Hog Day Pig Hamilton

Hamilton, the official Hog Day pig, was painted by Efland resident Grace Brantley.


Finally, after two years of cancellations because of the pandemic and its restrictions, the Hog Day Festival is ready to run wild through the streets of downtown Hillsborough. Started in 1983, the festival is the oldest continuing barbecue festival in North Carolina. Because the event received sponsorships that were then donated to local charities, Hog Day’s run is considered intact. 

This year, for the first time in its history, the festival will be part of the Whole Hog Barbecue Series as a qualifying event for the state championship, which is sanctioned by the North Carolina Pork Council. Despite this important addition, festival organizers say the strength of Hog Day is in its ability to stay true to its original goals of being a family-oriented event.

“I think part of the thing is, people that are new to the area have heard about it, and heard the nostalgia about it, or heard about the fun time,” said Craig Lloyd, who is the primary organizer and booster of Hog Day, and has in some fashion been involved with the festival each year.  “We’re an old, southern festival, and we strive to keep it like it started. The people that have been residents here for generations remember the Hog Days of the past, and we’re trying to bring back memories of that as well.”

Lloyd said often the Friday night for Hog Day takes on a family reunion feel, with gatherings of people who have participated over the years.

With Covid halting the 2020 and 2021 versions of Hog Day — and with inconsistencies prior to that — one might think organizers would be out of practice. But Lloyd said the Orange County Optimists Club, which has handled the festival over the past few years, is ready to welcome vendors, entertainers, and crowds of festival-goers.

“Basically, festivals and events like this are all unique,” he said. “But, I tell people it’s kind of like a car: They come in different shapes and different models but you lift the hood up and they all pretty much run the same. We’ve been doing this for a number of years we’ve got a core volunteer base.” 

Lloyd credits Al Hartkoph, who is this year’s Hog Day chair, with much of the efforts to shore up volunteers for the festival, which is operated solely by volunteers, many including entire families, church groups, and other organizations. Groups that help with putting on Hog Day benefit by receiving donations from festival proceeds.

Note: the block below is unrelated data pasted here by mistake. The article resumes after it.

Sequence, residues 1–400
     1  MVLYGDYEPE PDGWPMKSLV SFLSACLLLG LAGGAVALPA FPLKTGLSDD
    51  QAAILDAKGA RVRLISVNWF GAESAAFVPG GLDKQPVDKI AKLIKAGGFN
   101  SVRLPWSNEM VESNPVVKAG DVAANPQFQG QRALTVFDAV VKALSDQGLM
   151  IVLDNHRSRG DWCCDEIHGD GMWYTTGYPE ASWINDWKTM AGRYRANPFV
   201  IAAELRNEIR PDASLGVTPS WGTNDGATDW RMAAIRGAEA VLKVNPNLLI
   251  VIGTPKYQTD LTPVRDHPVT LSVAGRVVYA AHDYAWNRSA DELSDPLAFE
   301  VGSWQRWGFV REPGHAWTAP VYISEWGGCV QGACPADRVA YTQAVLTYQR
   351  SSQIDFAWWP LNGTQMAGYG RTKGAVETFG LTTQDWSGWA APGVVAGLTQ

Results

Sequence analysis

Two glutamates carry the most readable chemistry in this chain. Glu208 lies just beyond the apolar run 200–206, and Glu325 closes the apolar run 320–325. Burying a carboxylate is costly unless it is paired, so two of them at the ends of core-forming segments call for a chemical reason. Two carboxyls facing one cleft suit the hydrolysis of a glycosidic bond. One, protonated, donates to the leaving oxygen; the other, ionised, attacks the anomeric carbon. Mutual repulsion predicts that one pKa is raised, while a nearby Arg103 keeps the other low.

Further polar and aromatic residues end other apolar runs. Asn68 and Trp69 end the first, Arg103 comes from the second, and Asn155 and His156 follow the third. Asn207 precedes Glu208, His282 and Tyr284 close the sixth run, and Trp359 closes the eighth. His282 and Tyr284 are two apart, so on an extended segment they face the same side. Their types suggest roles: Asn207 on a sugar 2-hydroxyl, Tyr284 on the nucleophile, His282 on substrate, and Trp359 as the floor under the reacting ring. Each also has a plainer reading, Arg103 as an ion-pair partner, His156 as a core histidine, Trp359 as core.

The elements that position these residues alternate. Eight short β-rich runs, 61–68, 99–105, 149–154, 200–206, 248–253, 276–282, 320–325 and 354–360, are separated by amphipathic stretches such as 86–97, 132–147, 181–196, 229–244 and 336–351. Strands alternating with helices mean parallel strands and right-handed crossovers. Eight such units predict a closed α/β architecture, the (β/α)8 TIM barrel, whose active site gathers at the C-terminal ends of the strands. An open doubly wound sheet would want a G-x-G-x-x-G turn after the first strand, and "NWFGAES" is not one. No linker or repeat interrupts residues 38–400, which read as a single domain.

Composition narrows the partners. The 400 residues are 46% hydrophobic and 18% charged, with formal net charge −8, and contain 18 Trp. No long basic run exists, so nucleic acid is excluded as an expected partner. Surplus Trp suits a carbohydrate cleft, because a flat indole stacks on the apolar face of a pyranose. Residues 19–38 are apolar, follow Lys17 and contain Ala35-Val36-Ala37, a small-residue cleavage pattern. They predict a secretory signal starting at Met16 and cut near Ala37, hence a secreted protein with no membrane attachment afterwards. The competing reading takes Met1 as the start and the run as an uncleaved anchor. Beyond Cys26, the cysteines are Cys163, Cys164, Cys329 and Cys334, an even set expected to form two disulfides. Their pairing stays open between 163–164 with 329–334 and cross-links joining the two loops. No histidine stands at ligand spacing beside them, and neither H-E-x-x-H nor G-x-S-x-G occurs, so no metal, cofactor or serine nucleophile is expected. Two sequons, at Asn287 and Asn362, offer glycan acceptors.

“In past years, we’ve been proactive in going out and recruiting teams and recruiting volunteers and recruiting sponsors,” Lloyd said. “This year, of all the years I have been involved with Hog Day, we’ve had more people — just an outpouring of people — who want to help. It’s amazing, just the volunteer effort. We literally opened volunteer registration, probably less than a week ago, and we have had a flood of organizations, individuals, families, that have all come out.” 

There has also been an increase in the sponsorships, with Piedmont Electric Cooperative stepping up as the title sponsor.

Becoming a qualifying event on the Whole Hog Barbecue circuit has helped boost registration by pit masters and cooks. Past participants in the barbecue will again be part of Hog Day, but there will also be a number of new teams firing up in downtown Hillsborough. So much so that Lloyd said organizers had to cut off the teams it could accommodate. Organizers have seen a rise in the number of vendors vying for spots to entertain or sell crafts. 

As in past years, the Hog Day 5K will be run Saturday morning, and the Hog Day Classic Car Show will also have an early Saturday start. There will be an area devoted to kids activities and entertainment. 

The always-popular Pigs On Parade will return, and this year’s official pig sculpture — named Hamilton — is both impressive in size and artistic quality. Grace Brantley, who is originally from the Philippines, but now lives in Efland, was encouraged by Lloyd to decorate the more-than-5-foot-long pig statue.

“It was a little bit overwhelming when I saw it because it was almost taller than me,” said Brantley, who attends church with Lloyd. 

She painted a detailed setting of downtown Hillsborough and other nearby scenes, complete with the old Orange County Courthouse clock tower, the Eno River, shops along Churton Street, and the silos from the Barn At Lloyd’s Dairy.

“It’s a dairy farm, so I put some cows in there,” Brantley said. “And cardinals, fruits, and vegetables. It’s what people like, so I just throw it in.”

Brantley, who normally does portraits and works with pastels, said she used acrylic paints for the pig project. Along with having the distinction of creating a gorgeous work of art to welcome Hog Day festival-goers, she will have a booth at the event where she will be displaying and selling her artwork.

For complete Hog Day schedules, go to www.hogday.org.